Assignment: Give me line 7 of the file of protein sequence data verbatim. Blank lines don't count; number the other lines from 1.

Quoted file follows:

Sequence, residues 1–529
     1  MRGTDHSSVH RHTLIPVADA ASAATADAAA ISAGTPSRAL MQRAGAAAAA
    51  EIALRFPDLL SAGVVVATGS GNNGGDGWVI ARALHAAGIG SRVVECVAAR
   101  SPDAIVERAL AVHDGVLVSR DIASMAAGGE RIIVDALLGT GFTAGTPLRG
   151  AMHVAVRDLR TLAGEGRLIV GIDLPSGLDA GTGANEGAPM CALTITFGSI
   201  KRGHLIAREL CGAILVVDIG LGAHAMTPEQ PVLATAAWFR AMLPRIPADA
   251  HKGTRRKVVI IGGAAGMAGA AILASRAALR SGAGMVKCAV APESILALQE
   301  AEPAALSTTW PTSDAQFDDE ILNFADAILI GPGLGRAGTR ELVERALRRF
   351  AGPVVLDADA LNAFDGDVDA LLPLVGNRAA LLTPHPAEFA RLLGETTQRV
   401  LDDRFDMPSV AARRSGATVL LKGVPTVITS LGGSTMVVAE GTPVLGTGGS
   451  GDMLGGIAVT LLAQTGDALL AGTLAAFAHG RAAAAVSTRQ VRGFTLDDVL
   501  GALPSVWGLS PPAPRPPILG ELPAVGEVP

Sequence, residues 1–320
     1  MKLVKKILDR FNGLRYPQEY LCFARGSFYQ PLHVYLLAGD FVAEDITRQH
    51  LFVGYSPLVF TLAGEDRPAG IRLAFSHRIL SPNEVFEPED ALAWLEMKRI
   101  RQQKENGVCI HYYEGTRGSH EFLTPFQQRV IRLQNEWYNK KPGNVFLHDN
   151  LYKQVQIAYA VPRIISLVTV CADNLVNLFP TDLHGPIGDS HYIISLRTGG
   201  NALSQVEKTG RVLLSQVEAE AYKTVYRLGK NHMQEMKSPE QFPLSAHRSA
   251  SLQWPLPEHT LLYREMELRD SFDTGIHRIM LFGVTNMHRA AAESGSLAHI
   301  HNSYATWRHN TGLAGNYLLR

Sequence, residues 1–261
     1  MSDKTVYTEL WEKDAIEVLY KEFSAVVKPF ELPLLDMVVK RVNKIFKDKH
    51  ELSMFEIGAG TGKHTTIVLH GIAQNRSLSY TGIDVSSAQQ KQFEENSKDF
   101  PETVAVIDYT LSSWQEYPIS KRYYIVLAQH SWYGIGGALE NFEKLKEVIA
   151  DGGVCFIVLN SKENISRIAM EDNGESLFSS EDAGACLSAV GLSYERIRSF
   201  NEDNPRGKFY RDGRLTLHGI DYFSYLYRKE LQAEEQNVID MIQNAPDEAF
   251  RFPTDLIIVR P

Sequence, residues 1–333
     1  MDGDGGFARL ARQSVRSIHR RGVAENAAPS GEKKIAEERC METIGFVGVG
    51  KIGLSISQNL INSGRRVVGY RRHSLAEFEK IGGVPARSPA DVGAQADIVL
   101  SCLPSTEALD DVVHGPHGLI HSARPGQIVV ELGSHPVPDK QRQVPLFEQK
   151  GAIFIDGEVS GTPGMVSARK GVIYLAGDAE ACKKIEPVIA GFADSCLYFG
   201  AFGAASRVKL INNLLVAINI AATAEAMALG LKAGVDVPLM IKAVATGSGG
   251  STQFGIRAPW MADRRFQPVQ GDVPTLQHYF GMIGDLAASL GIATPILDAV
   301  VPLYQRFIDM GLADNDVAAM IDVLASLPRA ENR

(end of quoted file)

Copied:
   251  HKGTRRKVVI IGGAAGMAGA AILASRAALR SGAGMVKCAV APESILALQE